http://www.asrock.com/news/index.asp?id=3132
While ASRock SKY OC breathes life into Intel® non K series CPUs, currently it is still exclusive to motherboards with Intel's Z170 chipset. But have faith in ASRock's skillful engineers, sooner or later more Christmas gifts from ASRock are going to be delivered.
Could they be working on "SKY OC", for non-Z170 boards? I guess the SuperMicro board where this all started, was an H170, so that should be possible. What would be really killer, would be if the H110 / B150 boards could also do that. Bazinga! Take that Intel!

Edit: Here's a video, with some SKL BCLK OC benchmarks, of the G4400, i3-6100, and i5-6400.
https://www.youtube.com/watch?v=TqWNyhjhE6I&feature=youtu.be
Predictably, in games, even OCed to 4.62Ghz, the G4400 is slower than a stock i3, in terms of minimum frames. Just can't quite get out of the dual-core / dual-threaded Ghetto.
 
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Burpo

Diamond Member
Sep 10, 2013
4,130
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Not happy with your new rig? What a shocker..

..maybe we'd like to see you get something that will actually work for you without reservation. Those 4 threads come in handy for a lot of things..
 

VirtualLarry

Lifer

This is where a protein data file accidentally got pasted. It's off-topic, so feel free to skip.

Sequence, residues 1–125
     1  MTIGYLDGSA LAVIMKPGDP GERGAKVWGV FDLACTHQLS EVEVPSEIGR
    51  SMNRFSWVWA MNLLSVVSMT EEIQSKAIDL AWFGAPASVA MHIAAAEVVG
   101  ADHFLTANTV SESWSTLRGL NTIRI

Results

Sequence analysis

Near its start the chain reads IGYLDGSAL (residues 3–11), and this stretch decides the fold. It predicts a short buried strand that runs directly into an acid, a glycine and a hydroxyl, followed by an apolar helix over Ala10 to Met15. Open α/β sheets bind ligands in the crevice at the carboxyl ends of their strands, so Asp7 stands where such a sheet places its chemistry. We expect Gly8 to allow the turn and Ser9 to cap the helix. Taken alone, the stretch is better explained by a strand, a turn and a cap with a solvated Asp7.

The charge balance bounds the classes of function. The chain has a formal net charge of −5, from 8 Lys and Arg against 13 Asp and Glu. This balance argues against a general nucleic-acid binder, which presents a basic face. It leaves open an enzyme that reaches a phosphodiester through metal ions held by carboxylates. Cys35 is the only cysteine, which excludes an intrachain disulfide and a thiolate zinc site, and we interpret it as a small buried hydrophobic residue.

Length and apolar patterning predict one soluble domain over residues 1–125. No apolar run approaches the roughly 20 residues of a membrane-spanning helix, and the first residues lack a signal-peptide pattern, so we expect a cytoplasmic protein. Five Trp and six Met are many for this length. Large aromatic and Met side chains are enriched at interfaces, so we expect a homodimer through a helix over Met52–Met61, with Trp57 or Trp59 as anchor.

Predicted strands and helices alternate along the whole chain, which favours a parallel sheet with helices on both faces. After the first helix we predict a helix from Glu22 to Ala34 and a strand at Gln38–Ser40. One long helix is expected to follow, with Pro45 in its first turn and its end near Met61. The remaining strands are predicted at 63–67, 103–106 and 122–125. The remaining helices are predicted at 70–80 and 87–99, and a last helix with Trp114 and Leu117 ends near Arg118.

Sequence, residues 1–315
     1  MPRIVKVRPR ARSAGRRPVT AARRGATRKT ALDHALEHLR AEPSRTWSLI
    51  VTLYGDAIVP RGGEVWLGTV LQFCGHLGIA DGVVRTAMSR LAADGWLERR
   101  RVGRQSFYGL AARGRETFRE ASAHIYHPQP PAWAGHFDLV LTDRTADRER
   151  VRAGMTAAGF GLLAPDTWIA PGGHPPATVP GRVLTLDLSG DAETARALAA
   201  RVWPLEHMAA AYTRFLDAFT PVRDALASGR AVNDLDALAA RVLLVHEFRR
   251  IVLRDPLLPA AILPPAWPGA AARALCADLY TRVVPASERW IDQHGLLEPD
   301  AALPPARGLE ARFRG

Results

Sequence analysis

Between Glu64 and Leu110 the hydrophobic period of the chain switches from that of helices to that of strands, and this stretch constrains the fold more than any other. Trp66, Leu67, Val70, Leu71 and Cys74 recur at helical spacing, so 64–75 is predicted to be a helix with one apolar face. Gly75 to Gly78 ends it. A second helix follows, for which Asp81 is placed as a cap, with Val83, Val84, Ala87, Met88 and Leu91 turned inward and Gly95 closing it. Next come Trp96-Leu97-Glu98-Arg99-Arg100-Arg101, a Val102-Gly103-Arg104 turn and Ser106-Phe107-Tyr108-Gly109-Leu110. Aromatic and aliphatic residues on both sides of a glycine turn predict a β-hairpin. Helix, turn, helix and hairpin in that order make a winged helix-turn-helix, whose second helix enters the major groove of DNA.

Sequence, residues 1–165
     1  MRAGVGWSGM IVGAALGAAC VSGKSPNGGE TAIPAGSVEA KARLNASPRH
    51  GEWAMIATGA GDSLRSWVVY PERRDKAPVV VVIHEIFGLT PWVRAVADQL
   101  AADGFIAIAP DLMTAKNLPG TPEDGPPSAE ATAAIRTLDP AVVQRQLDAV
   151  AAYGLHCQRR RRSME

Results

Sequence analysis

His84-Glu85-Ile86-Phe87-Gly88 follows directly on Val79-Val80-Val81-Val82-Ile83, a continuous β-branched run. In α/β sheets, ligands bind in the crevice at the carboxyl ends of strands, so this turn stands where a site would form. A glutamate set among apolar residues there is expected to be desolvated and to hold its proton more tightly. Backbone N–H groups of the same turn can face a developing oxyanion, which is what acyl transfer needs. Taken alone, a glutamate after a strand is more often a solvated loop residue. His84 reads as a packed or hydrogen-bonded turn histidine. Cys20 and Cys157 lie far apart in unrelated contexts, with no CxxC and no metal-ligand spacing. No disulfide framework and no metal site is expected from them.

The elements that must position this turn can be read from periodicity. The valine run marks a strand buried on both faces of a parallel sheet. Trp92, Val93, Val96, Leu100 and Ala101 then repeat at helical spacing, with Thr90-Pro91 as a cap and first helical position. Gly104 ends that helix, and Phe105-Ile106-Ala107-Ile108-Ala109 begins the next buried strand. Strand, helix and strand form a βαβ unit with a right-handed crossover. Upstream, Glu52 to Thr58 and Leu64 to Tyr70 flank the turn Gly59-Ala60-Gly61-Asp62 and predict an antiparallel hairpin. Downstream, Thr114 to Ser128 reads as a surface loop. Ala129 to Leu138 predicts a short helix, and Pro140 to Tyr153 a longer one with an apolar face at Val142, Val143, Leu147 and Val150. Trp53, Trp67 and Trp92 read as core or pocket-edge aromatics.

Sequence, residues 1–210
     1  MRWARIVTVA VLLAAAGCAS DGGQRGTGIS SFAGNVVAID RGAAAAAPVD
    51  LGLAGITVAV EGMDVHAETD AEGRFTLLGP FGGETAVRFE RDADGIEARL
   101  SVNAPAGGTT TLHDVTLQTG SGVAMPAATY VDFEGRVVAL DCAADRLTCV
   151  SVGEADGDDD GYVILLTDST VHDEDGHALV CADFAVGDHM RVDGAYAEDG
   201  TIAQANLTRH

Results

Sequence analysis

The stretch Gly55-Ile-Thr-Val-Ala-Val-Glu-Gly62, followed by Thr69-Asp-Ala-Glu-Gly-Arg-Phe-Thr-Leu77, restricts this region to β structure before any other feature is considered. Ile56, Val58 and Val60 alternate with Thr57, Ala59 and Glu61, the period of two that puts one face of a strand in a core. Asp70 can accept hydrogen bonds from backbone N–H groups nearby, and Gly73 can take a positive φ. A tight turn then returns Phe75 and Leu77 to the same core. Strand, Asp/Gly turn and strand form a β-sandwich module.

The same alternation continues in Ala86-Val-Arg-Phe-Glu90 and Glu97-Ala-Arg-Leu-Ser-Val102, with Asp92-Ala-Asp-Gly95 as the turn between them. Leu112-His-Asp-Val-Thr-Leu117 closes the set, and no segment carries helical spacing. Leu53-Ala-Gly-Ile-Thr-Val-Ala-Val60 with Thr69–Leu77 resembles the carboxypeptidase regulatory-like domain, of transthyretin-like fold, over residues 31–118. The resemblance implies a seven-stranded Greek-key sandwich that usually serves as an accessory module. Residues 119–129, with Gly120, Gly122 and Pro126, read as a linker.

Aug 25, 2001
49,587
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Not happy with your new rig? What a shocker..
Intel drivers have show-stopping bugs on a new platform? What a shocker...

(Yes, I guess I should have purchased an i3, right? I mean, that would just magically make their buggy drivers work, right?)

Edit: Just pointing out that Intel's iGPU drivers are FAR less "polished" and have a lot more issues, than AMD's and NV's. That fact isn't new, but I'm sure that the IST doesn't like it pointed out.

Edit: Just for the heck of it, I'm going to swap in the other G4400.
 
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Mar 10, 2006
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Intel drivers have show-stopping bugs on a new platform? What a shocker...

(Yes, I guess I should have purchased an i3, right? I mean, that would just magically make their buggy drivers work, right?)

Edit: Just pointing out that Intel's iGPU drivers are FAR less "polished" and have a lot more issues, than AMD's and NV's. That fact isn't new, but I'm sure that the IST doesn't like it pointed out.

Edit: Just for the heck of it, I'm going to swap in the other G4400.
You should buy a nice discrete GPU.
 

VirtualLarry

Lifer
Aug 25, 2001
49,587
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You should buy a nice discrete GPU.
I've got a slew of them. I've just been trying to test Intel's new iGPU (HD 510) in SKL, since that's really the "new" feature of these chips.